5. All of your points are well articulated. I hope that Time or another main stream magazine will have the pronatalism discussion with some boldness. I wonder if the author of the article read your book. There is plenty in The Baby Matrix for a series of articles and discussions. But that would take some initiative and willingness to stand up to some challenge.

    1. The author has read my book…and she may have had made some point (s) re pronatalism – if so, clearly got cut..

      1. There was a great quote in the article about how some women use their motherhood status for a kind of “glamorized martyrdom.” That’s pretty close to touching the taboo third rail right there.

    1. Yes, read Hymas’ article. She’s great. You are right about people who comment on grist more likely to “get it”! Thanks~L

  6. I agree with your peeves about the Time article, but I’ve decided not to focus on the negative. I was just surprised that it was basically sensitive and non-judgmental. That’s a different and refreshing take coming from a mainstream magazine, even if the author missed a few important points.

    Has anyone mentioned Karen Foster, author of No Way Baby? I enjoyed her book – it was the one that helped me realize I’m not strange for not wanting children, that other people are like me.

    (Not overlooking The Baby Matrix, of course! It’s just that we already know about that one.)

    1. Thanks for the thoughts, Amber. I tried to balance the peeves with – in Any case – the childfree on the cover of Time is a good thing…I guess I expected Time to be just a bit advancing on the topic, though, given what I knew of the article Sandler originally gave to editors..and before the last editorial slash. I know of and have communicated with No Way Baby’s Karen Foster…I think she is in the Northwest? I could have mentioned So many childfree authors, but figured I go way back, as part of making point that writers and researchers have been at the childfree topic for some time now.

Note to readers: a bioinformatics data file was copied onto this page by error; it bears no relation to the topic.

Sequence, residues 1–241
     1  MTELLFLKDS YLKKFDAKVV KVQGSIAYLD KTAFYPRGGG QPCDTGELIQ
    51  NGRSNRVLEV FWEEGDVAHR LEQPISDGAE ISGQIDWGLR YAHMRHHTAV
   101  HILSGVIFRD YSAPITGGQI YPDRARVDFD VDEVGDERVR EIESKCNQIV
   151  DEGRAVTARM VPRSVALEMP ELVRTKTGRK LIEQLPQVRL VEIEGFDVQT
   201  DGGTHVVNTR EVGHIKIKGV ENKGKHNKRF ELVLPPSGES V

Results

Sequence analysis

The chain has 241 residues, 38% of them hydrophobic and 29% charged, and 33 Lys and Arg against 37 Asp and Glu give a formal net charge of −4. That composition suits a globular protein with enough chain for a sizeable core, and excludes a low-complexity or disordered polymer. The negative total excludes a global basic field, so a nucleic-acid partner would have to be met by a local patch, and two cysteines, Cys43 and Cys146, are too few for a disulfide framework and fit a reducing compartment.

7. I generally liked the TIME article, certainly compared to a lot of the other rants against childfreedom out there.

    It does put me on my hobby horse, though:

    What I’ve noticed is that the major media outlets are now totally associating a decline in the birthrate with the rise in the percentage of childfree/childless people. Some articles have gone so far as to place all “blame” for the “birthrate crisis” on people without kids.

    Instead, the much bigger factor is the fact that people who have children are having FEWER of them than their parents did. People who have kids now stop at fewer kids than ever before. If there’s some sort of crisis out there over the replacement rate, then we should be calling all those “selfish” parents to task for not having MORE children. Shame on all those people for having only one child — selfish narcissists!

    Not to mention the historical reality that the American birthrate has been declining since 1800, the only exception being the 1950’s. It’s an American tradition to have fewer kids than your mother’s generation. We’ve just been continuing that long tradition.

    1. Indeed right again. The birthrate citing mostly does Not relate to those with no kids. For at least the last decade, 4 out of 5 women have had kids. People are having fewer of them and more stopping at one – which brings up another facet of pronatalist dogma that still can’t seem to accept that it really is OK to have one – the kid will be fine – better than fine in fact. In any case, birthrate decline is sure not the same as 1 out of 5 women not having kids holding steady for some time now. But the article makes it sound like it has hit that number just recently. That is just one area that made me shake my head…and of course double shake of head with what the media has done with it since the article ran….